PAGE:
Saturday, January 16, 2010

Attachment Parenting

There are a couple of books on the subject at my library. I haven't checked them out to review them, but since I've already reviewed a number of things related to attachment parenting, I thought now would be the time to give an overview of the concept along with my usual commentary.

Dr. Sear's coined the phrase based on the theory generated by John Bowlby. The Attachment Parenting Institute (API) came up with 8 principals derived from these ideas.

1. Preparation for Pregnancy, Birth and Parenting
2. Feed with Love and Respect
3. Respond with Sensitivity
4. Use Nurturing Touch
5. Ensure Safe Sleep, Physically and Emotionally
6. Provide Consistent Loving Care
7. Practice Positive Discipline
8. Strive for Balance in Personal and Family Life

These principals don't encourage parents to use certain parenting techniques but rather use these ideas as a guideline. Most parents associate things like child wearing, breast feeding, infant/child message, co-sleeping, homeschooling, unschooling, nudism, eating organic foods, and natural health as being part of attachment parenting. But this is not necessarily the case.

The first principal is very basic. It believes that parents should inform themselves about eating right and what types of child birth work for them. Some people this means things like water births, silent births, and home births. But having a natural child birth at a hospital is perfectly within the realm of attached parenting.

Feed with love and respect encourages parents to breast feed or bottle feed. It believes that weaning should be a gentle process and that the introduction of solid foods should be slow and deliberate. See blog on breast feeding

Responding with sensitivity encourages parents to soothe their children and to try to work out temper tantrums. This is an entirely differently philosophy from the way our parents grew up which was to let children "cry themselves out."

Using nurturing touch encourages infant message, kangaroo holding, and child wearing. All of these principals are known to help children deal with stress and cue parents into stress faster. See blog on baby wearing

Ensuring safe sleep encourages parents to co-sleep or sleep with the child in the same room. The Academy of Pediatrics encourages parents to have the child in the same room but does not encourage children to sleep in the same bed (bed-sharing). Many people think that bed-sharing and co-sleeping are synonymous. Bed sharing is sleeping in the same bed. Co-sleeping is sleeping in the same room or on a separate surface next to the bed. I'm all for co-sleeping (which I plan to do until the baby outgrows the bassinet) and switching to him sleeping in his own room for space reasons.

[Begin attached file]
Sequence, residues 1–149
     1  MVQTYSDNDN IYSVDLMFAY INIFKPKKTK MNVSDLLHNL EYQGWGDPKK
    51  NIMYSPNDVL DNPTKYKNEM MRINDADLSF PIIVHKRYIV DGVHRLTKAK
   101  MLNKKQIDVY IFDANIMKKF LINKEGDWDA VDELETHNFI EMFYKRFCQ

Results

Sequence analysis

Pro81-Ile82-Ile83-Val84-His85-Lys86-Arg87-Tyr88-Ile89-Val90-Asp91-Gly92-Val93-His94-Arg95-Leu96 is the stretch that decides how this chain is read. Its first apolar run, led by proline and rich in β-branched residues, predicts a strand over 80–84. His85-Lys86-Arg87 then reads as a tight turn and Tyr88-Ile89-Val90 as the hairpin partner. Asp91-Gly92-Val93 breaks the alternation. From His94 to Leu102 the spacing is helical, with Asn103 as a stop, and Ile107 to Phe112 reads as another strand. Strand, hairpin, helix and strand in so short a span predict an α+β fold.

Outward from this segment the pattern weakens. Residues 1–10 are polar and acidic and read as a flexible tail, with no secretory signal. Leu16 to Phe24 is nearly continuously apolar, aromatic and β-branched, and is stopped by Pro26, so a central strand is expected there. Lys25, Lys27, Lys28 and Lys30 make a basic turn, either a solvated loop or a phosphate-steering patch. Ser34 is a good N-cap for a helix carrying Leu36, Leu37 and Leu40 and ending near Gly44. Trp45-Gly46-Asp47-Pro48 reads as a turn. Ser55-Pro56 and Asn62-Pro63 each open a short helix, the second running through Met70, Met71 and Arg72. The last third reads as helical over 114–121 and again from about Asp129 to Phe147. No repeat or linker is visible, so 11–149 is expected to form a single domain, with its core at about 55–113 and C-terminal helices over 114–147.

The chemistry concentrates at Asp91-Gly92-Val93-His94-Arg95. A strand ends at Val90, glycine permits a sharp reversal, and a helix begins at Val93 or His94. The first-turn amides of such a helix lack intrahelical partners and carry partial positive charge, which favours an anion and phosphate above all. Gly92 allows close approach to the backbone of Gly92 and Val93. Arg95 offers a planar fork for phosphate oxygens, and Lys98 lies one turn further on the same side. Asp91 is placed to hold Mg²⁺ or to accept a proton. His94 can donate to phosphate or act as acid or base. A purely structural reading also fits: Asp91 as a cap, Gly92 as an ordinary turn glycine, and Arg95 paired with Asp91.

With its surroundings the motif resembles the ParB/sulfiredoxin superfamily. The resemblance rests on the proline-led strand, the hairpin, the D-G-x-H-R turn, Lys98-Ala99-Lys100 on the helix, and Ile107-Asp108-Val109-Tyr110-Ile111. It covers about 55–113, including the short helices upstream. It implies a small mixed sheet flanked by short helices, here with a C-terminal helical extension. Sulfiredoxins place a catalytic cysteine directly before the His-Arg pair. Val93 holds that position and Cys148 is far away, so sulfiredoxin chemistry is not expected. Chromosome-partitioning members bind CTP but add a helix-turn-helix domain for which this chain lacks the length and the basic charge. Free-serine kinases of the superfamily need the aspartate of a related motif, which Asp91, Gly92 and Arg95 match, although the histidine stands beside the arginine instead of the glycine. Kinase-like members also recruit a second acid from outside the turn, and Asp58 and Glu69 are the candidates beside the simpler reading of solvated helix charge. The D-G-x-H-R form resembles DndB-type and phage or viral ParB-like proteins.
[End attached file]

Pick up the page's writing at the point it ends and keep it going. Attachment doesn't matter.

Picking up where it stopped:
Providing constant loving care is being able to work with care givers to ensure that your child continues to be in a safe loving environment away from mom and dad.

Practicing positive discipline is important. Techniques like redirection or preventative discipline (meaning put something away so they won't get into trouble) are important. I have another book on the subject of discipline and I will be exploring this topic in more detail. But here is the list of techniques that API suggests using.


Maintain a positive relationship
Use empathy and respect
Research positive discipline
Understand the unmet need
Work out a solution together
Be proactive
Understand the child's developmental abilities
Create a "yes" environment
Discipline through play
Change things up
State facts rather than making demands
Avoid labeling
Make requests in the affirmative
Allow natural consequences
Use care when offering praise
Use time-in rather than time-out
Use time-in as a parent, too
Talk to a child before intervening
Don't force apologies
Comfort the hurt child first
Offer choices
Be sensitive to strong emotions
Consider carefully before imposing the parent's will
Use logical consequences sparingly and with compassion
Use incentives creatively with older children

And here is some of my thoughts on discipline although I am open to trying anything that doesn't resort to me loosing my temper. See discipline

Striving for balance is a fav of mine. Parents all need a little time away to feel refreshed and recouped. We all need to take care of ourselves in order to be great parents. I heard someone once say that we need to give to ourselves first before we can give to others. Otherwise we just keep draining ourselves without refilling. How can you teach your child that exercise and play is important if you don't model that behavior? How can you teach your child to schedule wisely if you don't say "no" sometimes yourself?

Anyway I like the concepts of AP because it's not restrictive. The idea is to try and be a loving and nurturing parent and use different techniques to keep your child from hitting melt down mode. But there are other parenting techniques out there. The great thing about knowledge is you try a few things and see what works for you. If it doesn't, then try something else. It's better to have more in your arsenal.

Oh and for more info on AP look at the Natural Child Project.

1 comment:

  1. I lean towards AP too, but not in every area... some I'm not in I'd like to be and working towards though. I like that its flexible too, but at the same time I have a hard time calling myself an AP mama because to a lot of people it means going strictly by everything. At least in online communities. :-/

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I love to read your thoughts. Thanks for sharing!